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James Kottak: Potent As Ever

By Dave Constantin Originally Published in DRUM! Magazine's May 2008 Issue

When a middle-aged glam rock drummer throws his back out picking up a box of clothes on family moving day, it seems like the setup for an easy punch line — something about aging rock stars surviving decades of hedonistic self-abuse only to be crippled by domesticity. But in James Kottak’s case, it doesn’t quite work. For one thing, the back injury is actually a vestige from his younger days, an old drumming wound — of sorts — from a not-so-bygone era.

“I was playing at a bar, which we all did six nights a week, forever,” he remembers (having just returned from a visit to the chiropractor). “It was with a club band back in, like, 1981 or ’82. And I sang a lot, so my head was always up. And I remember I dropped my drum key and I leaned back to pick it up and just, zap — there went the third and fourth lumbar, totally whacked out. And I could not stand up, could not do anything. I finished the set, but it was just a night of the worst pain ever. It’s been an ongoing thing.”

But if the steady upward trajectory of his career is any indication, Kottak is not a guy who’s about to roll over and die over something like a few blown discs. And you can bet nothing short of spontaneous combustion is going to keep him from finishing out a set. “I can count many times where I got some sort of stomach virus in Russia from weird food or something and been playing and throwing up in a bucket at the same time,” he says. It’s rock and roll, baby.

This, no doubt, is the kind of attitude that pulls someone virtually unscathed through a musical era most notable for its fabulous career derailments. The post-’80s have not been kind to many of the denizens of rock’s Spandex school, but Kottak has managed to plod steadily up the ladder of hair metal ascension, from Montrose to Kingdom Come to Warrant, finally landing Herman Rarebell’s vacant spot at the Scorpions throne in 1996. And he’s been vigorously touring the world with the band ever since.

“One thing about Scorpions is that they’ve always cultivated a world market,” Kottak says. So when the ’90s rolled around and grunge turned the hose on the coiffed titans of glam rock, Scorpions found solace with a still-rabid overseas fan base. It’s the reason why they can still show up in say, India, and play for 45,000 people at a pop. “We just played in Romania in September, and it was a good 60,000 people because … it was the Scorpions,” Kottak says. Likewise, the DVD the band just released is footage from their headline gig at the Wacken Festival in Germany in ’06 in front of 40,000 fans. Of course, Germany is Scorpions home soil (Kottak was and is the band’s only American member), but they also still top the charts in random places — like Greece. “It’s better to be number one in Greece than number 20 somewhere,” Kottak laughs.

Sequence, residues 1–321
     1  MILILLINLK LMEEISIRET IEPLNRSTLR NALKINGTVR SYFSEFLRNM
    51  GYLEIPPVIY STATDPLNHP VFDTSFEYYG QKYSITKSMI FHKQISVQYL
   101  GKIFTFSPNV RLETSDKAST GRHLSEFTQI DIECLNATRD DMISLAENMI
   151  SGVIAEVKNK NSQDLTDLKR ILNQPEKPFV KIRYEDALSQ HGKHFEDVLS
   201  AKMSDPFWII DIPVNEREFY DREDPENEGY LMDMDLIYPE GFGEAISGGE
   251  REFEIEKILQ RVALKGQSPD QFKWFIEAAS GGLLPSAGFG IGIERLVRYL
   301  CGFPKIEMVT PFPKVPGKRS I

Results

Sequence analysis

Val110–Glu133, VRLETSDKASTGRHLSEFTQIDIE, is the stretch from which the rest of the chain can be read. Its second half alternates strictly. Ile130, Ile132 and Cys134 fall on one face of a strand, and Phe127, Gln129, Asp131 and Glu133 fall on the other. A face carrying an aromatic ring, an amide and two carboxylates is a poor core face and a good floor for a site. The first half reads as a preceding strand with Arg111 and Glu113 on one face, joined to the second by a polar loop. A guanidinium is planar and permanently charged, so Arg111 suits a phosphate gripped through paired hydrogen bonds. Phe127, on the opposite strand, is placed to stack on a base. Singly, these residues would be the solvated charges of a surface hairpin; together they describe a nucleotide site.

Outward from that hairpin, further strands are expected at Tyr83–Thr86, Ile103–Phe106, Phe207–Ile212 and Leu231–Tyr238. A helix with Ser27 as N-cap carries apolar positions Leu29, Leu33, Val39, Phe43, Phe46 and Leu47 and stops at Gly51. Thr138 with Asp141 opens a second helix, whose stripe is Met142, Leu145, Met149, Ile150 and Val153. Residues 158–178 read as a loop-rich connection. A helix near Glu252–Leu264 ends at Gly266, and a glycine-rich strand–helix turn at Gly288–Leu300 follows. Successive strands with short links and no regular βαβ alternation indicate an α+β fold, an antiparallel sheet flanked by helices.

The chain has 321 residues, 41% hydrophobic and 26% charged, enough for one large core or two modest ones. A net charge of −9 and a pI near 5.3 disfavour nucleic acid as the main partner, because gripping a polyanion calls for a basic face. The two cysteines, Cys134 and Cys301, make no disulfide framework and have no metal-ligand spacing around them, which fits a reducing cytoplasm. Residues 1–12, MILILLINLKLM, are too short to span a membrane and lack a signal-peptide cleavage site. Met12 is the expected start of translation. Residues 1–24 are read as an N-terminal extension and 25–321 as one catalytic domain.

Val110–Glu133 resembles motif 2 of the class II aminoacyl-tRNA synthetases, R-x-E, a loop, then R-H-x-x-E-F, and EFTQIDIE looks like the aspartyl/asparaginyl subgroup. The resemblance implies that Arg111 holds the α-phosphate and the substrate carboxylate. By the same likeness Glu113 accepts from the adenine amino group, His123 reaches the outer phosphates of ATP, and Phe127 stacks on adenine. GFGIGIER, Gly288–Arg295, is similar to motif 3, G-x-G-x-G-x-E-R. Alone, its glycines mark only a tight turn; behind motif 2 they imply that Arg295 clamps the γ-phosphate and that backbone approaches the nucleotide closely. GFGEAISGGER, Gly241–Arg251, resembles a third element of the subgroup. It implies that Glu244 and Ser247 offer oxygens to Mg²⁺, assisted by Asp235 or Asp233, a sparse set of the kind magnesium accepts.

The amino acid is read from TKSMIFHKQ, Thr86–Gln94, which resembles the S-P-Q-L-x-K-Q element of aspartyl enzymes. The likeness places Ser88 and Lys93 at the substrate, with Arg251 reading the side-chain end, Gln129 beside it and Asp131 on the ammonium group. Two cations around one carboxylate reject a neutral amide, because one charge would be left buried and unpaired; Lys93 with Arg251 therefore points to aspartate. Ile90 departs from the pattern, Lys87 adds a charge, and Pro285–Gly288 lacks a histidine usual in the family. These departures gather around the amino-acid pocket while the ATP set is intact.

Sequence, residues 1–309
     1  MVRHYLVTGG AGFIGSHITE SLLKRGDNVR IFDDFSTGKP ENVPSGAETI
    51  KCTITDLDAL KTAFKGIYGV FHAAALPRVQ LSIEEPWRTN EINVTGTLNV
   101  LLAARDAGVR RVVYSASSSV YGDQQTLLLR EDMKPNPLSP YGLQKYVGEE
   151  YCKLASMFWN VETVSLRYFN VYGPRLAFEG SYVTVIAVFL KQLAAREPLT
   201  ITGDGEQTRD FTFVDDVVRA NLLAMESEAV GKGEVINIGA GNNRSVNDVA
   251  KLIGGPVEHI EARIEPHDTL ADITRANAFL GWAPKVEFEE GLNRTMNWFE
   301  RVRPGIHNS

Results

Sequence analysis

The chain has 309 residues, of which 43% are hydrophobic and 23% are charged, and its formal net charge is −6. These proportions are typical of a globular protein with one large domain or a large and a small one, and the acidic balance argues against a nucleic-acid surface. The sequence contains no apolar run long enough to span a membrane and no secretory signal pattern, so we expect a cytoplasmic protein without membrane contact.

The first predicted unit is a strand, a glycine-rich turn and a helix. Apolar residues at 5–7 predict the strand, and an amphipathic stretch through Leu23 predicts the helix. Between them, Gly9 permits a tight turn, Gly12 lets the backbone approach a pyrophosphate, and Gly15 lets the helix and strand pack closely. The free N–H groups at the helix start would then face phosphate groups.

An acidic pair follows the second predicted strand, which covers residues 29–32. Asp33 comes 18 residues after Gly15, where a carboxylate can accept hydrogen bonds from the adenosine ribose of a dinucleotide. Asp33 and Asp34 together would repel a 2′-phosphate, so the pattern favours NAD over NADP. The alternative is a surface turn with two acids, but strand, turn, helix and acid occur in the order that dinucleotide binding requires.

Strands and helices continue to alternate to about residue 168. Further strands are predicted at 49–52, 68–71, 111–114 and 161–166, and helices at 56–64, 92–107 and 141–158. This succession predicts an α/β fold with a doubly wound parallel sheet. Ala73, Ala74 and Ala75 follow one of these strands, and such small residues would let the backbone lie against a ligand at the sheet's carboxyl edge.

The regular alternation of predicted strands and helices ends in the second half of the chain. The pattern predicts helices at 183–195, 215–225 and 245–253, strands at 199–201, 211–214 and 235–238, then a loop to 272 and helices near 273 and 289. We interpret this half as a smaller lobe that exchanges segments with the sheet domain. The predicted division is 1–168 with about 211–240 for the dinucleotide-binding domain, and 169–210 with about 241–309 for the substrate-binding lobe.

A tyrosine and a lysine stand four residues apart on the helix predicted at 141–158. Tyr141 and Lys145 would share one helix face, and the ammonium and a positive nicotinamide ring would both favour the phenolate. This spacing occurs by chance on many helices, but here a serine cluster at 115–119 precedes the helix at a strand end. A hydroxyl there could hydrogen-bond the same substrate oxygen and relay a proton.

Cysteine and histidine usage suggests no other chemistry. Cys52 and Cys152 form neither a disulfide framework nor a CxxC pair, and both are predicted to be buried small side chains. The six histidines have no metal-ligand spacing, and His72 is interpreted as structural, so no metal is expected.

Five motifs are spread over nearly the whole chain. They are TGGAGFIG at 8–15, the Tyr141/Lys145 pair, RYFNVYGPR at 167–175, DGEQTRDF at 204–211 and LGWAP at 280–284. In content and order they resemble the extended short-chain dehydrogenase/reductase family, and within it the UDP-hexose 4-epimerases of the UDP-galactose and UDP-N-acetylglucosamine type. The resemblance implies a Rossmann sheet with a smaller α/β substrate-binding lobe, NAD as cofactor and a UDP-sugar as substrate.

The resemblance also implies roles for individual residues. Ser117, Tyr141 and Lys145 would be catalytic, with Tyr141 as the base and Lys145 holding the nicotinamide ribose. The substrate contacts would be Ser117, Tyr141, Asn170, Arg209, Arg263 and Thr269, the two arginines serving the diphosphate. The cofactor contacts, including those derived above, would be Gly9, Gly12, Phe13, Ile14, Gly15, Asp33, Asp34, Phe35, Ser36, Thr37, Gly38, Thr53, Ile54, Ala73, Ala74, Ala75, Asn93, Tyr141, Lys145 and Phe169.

Kottak spent his early years in Louisville, Kentucky (“home of fast women and beautiful horses”), playing in cover bands and learning, he says, “every song that had ever been written in the history of the world.” He scored his first gig with Ronnie Montrose, “which I’m super proud of,” and then it was gradual progression through the ranks — Kingdom Come (he still has his the drum set from their ’88 tour), Wild Horses (a band of his own), The Cult (he appeared on 1991’s Ceremony), on to CC Deville and Warrant.

“The Scorpions thing came about because [Kingdom Come] opened for Scorpions on Monsters Of Rock in an indoor arena tour, and I got to be friends with them,” Kottak remembers of the 1988 festival that also featured Metallica, Dokken, and Van Halen. Down the road, Scorpions’ producer Keith Olsen, whom Kottak already knew, would ask him to play on 1990’s Crazy World. And so it began.

But what was set in motion at that ’88 Monsters Of Rock show would act as the turning point for more than just Kottak’s drumming career. It’s also where he would get hooked up with his soon-to-be wife — Tommy Lee’s little sister, Athena (that’s right, rocker Tommy Lee), who turned out to be a pretty hellacious drummer in her own right.